Pickens transformed himself from independent oil man to corporate raider. Along with his friend Carl Icahn, he became the undisputed master of energy sector mergers and acquisitions—and the most feared.
By 1985 he had forced all the majors to pare down their operations, recast their balance sheets, and buy up their vulnerable competitors or face being bought out themselves. His aggressive strategy earned him hostility in the media, not to mention in corporate board rooms. But it saved the American oil and gas industry by making it leaner and meaner—and ready for the volatility of oil and gas prices that would sweep the world in the 2000’s and 2010’s.
By then Pickens was ready for his third transformation, this time into an advocate of a national energy plan based on the transition from oil to natural gas. He testified before Congress, warning that America’s foreign oil addiction — in 2008 the country was spending $700 billion a year importing oil — amounted to the greatest transfer of wealth in the history of mankind. He launched a $58 million TV advertising blitz to rally public support for his proposal, dubbed the Pickens Plan, to shift America’s economy to a domestic natural gas power base.
One day Pickens said to me, “My father once told me, ‘Son, a fool with a plan can beat a genius with no plan.’” First unveiled in 2008, the Pickens Plan was an unprecedented effort to focus the American public on how to decouple their economy from Middle East oil by tapping into America’s abundant sources of natural gas, including in shale deposits scattered across the country.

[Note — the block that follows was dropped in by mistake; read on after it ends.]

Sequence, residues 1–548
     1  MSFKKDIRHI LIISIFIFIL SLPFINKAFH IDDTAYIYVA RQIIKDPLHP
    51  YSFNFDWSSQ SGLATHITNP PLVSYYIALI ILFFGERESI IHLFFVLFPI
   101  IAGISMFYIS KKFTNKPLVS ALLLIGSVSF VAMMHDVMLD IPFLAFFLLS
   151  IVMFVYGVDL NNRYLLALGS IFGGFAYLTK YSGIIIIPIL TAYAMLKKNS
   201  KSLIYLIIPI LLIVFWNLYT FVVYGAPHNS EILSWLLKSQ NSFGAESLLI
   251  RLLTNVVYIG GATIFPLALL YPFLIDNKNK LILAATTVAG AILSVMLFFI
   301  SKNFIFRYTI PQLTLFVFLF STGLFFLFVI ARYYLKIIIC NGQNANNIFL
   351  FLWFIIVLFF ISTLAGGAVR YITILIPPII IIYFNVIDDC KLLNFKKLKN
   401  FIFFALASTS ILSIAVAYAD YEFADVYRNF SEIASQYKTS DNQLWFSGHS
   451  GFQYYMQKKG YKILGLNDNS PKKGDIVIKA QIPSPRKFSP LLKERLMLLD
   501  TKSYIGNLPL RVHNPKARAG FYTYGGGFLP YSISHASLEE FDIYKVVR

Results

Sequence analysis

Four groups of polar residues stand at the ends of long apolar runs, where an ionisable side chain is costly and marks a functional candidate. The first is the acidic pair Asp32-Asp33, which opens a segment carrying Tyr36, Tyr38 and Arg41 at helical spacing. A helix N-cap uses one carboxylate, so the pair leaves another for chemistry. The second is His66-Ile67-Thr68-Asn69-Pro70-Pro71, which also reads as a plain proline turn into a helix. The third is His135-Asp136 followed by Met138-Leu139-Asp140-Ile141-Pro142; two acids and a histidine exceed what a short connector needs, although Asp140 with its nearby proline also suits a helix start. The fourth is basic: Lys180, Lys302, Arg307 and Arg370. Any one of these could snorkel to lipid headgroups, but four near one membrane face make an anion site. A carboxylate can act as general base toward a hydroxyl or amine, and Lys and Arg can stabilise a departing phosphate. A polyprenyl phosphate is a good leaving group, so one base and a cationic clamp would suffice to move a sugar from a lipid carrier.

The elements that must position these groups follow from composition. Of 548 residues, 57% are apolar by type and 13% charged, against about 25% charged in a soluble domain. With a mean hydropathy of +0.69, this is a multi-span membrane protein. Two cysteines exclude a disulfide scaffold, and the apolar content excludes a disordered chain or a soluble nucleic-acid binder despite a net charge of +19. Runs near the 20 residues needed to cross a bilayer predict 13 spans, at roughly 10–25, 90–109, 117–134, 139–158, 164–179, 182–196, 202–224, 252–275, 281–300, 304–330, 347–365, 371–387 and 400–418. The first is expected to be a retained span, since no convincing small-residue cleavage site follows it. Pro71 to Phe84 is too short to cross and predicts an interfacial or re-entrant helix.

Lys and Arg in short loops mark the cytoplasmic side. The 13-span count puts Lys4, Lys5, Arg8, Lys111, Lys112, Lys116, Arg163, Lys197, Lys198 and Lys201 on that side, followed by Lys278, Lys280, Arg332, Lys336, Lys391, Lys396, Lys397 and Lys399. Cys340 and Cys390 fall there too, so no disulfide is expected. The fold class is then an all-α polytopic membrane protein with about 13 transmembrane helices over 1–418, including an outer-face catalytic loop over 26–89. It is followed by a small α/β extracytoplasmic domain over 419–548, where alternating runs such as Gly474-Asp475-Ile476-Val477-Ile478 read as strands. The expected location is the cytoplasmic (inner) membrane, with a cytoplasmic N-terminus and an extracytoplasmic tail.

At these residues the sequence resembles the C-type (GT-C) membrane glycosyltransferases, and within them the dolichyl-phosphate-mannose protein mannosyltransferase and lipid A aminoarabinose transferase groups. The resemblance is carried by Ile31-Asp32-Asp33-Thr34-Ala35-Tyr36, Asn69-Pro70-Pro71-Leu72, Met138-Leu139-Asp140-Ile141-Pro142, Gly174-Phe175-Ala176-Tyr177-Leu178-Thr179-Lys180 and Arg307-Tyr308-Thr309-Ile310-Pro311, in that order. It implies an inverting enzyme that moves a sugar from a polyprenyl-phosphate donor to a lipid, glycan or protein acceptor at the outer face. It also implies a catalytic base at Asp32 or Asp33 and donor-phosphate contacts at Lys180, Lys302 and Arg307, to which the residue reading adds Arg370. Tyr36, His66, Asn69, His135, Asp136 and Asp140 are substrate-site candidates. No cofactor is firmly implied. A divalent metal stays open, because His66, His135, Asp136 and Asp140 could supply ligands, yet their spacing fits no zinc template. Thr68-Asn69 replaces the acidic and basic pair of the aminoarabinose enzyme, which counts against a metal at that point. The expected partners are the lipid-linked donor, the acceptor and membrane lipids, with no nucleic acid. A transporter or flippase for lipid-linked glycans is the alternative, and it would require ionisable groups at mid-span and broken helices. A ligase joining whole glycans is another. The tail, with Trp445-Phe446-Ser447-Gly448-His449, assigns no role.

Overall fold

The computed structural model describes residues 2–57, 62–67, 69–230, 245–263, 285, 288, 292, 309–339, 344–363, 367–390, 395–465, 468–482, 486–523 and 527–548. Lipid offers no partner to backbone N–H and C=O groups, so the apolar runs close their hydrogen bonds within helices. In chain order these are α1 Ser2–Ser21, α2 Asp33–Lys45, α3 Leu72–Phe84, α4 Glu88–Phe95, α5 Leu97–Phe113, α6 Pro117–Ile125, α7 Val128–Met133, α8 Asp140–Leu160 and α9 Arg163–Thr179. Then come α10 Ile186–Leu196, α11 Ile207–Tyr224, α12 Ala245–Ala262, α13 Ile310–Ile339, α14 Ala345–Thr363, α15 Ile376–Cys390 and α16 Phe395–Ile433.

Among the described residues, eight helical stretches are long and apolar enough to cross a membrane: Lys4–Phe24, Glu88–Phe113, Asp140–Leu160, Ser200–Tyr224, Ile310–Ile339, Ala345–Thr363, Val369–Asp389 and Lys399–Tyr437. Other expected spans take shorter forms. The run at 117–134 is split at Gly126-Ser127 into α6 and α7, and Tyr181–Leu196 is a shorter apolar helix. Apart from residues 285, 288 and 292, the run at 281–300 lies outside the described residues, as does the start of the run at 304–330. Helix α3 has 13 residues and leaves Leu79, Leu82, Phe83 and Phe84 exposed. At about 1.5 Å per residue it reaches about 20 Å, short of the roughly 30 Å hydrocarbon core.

Pickens’s emphasis on relying on shale natural gas to power America’s energy map was prescient. “Oil from the Middle East is no longer just an economic issue,” he told TIME magazine in 2015. “It has become a national security issue. As long as we keep buying oil from the Middle East, our enemies can continue to fund terrorism,” including organizations like Al Qaeda and ISIS—as well as the rogue nation of Iran.
As a percentage, the US today imports less foreign oil than at any time since 1958, when Pickens was just getting started in the oil business. liked to compare the global energy market to a poker game. The shale revolution has given America the royal flush it needed to trump the cards held by the OPEC countries, including Saudi Arabia, who had maintained their mastery over the world’s economics since the 1970’s. Our winnings now include avoiding a major conflict on the Saudi peninsula, and the ability to isolate Iran even more without seriously disrupting world energy supplies, thanks to US oil and natural gas exports.
Boone Pickens hated losing, as much as he hated bureaucracy and waste. America is now winning the energy game. Pickens showed us how to win. He will be missed. But his legacy lives on.